LULU GARCIA-NAVARRO, HOST:
This summer, we want to delve into the relationship between authors and illustrators. How do they work together or separately to perfectly translate text into pictures? Author Andrea Davis Pinkney and illustrator Brian Pinkney have worked together for years and received Caldecott honors and Coretta Scott King honors for their work. They also happen to be married.
ANDREA DAVIS PINKNEY: We're that couple that literally met at the copy machine. Two places - the copy machine and the water cooler. And it all kind of stemmed from there.
BRIAN PINKNEY: And we started collaborating pretty early on. I was an illustrator, aspiring illustrator. And I had her start modeling me for some of my children's books. I needed a mermaid. So I had her lay across a dining room table so I could get the angle just right like, she was swimming underwater.
A PINKNEY: That was an interesting first date, if you can imagine. You know, I didn't know what I was getting myself into at that point. And now I'm glad I did.
B PINKNEY: Well, it did go in a beautiful way because Andrea did start modeling for me for many of my books and then started writing her own books that I could illustrate for her, which is really kind of cool.
A PINKNEY: And what we didn't realize at the time - or at least I didn't - was that, typically, authors and illustrators never meet each other. They don't collaborate traditionally. They don't go to Starbucks. They don't hang out and talk about the books. And we have a very unique situation because we are married, and we share the same tube of toothpaste and box of cereal. So it's a little untraditional in the picture-book-making model.
GARCIA-NAVARRO: Together, Andrea Davis Pinkney and Brian Pinkney have worked on more than a dozen children's books about historical events like "Sit-In" and "Boycott Blues" and people, like Ella Fitzgerald, Duke Ellington and Alvin Ailey. And you could say even though they aren't the typical author-illustrator pair, they've worked out a system. First, Andrea writes a manuscript. After she gives it to Brian, he goes to work on the illustrations in his studio far, far away. Then on Saturdays, they have a work date.
A PINKNEY: We have a favorite diner that we go to. The waiters know us. They don't even bring a menu 'cause they know we're gonna be sitting there for hours with our papers spread out. And that's when we talk about the work. That's when we do collaborate.
B PINKNEY: Yeah. We also have little rules we set up - how we communicate with each other, too, so we can stay happily married. For example, one of the rules I came up with - that if Andrea's looking at one of my sketches and something doesn't look quite right, she can't say something like, in the case of the book about Alvin Ailey, Alvin Ailey's foot looks like a football because that kind of hurts my feelings. So I say she has to say something like Alvin Ailey's foot looks unresolved.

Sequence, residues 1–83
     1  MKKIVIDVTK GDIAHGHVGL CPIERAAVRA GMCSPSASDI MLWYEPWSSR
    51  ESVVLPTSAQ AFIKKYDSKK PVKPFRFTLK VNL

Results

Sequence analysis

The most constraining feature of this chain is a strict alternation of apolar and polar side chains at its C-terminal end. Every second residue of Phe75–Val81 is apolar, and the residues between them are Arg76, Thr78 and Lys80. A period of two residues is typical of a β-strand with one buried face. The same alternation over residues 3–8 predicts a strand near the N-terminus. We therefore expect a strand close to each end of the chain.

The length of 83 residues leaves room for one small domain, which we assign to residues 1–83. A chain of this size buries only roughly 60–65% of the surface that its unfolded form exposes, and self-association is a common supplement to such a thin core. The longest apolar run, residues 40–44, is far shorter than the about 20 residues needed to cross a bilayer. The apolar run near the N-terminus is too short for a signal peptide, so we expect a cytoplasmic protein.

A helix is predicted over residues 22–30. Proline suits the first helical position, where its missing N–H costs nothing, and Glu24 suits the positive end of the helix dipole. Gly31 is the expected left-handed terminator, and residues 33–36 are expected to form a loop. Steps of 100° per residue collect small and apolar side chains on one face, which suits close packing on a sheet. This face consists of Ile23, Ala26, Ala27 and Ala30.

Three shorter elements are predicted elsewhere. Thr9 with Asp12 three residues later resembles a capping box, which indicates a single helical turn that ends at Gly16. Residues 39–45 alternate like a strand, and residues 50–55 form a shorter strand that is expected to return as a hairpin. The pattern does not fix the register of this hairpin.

A PINKNEY: Right. We've learned a lot through trial and error.
GARCIA-NAVARRO: The wife and husband's latest work together is called "Martin Rising: Requiem For A King." It's the story, written in a series of poems, of the final months of Martin Luther King Jr.'s life.
A PINKNEY: I really know the kinds of things that my husband likes. So in the case of the book "Martin Rising," I know that my husband loves history. We both love civil rights. And I knew that if I were to craft that in a way that would allow Brian to think metaphorically, that might be something that would be appealing to him.
B PINKNEY: So the illustrations for the docupoems in "Martin Rising" - I wanted them to be very poetic also, almost like visual poetry. So I would look at some of my mentors in art history like Marc Chagall and Norman Lewis and come up with the visual metaphors to bring Andrea's poems and the real events that happened in Memphis to life.
GARCIA-NAVARRO: In one of the poems called "Chaos," Andrea writes, (reading) The sky's on fire. The sky's torn loose, burned off its hinges. And Brian, in swirling pink and orange watercolors, paints a hazy sky cut through with jagged black lines. Andrea says that, even after all these years, Brian still surprises her.
A PINKNEY: We have collaborated on a lot of picture book biographies, a lot of picture books that are also nonfiction topics about real people, real things that happened in history. We've also collaborated on a book called "Sit-In," which is about the Greensboro, N.C., sit-ins of 1960. And it was so funny when we embarked upon that book because Brian said to me, how am I going to illustrate this? Andrea, they're just sitting. And I said, well, honey, go to your studio, and I'm sure you'll think of something. And he did. In that book, the lunch counter takes on a life of its own. It becomes a character in the book and walks us through the story. And that topsy-turvy lunch counter at times looks like a rollercoaster. At times, it looks like a road, and that's something that I never could have imagined. I wrote a book about four college students sitting in nonviolent protest, and my husband brought a whole new dimension to it.
B PINKNEY: Wow. Andrea, thank you.
A PINKNEY: You're welcome.
B PINKNEY: I love how you describe my artwork. I forget what I did.
A PINKNEY: Yes.
B PINKNEY: Yes. And it happens for me also when I read your language afterwards. I can't imagine how you came up with the words and the metaphors that you come up with that are so beautiful and rich and visual in a way that helped inspire me.
A PINKNEY: It's fun to work with the one you love.
GARCIA-NAVARRO: That was author Andrea Davis Pinkney and illustrator Brian Pinkney talking about their work together.
(SOUNDBITE OF KRIS BOWERS' "WATER BOY")
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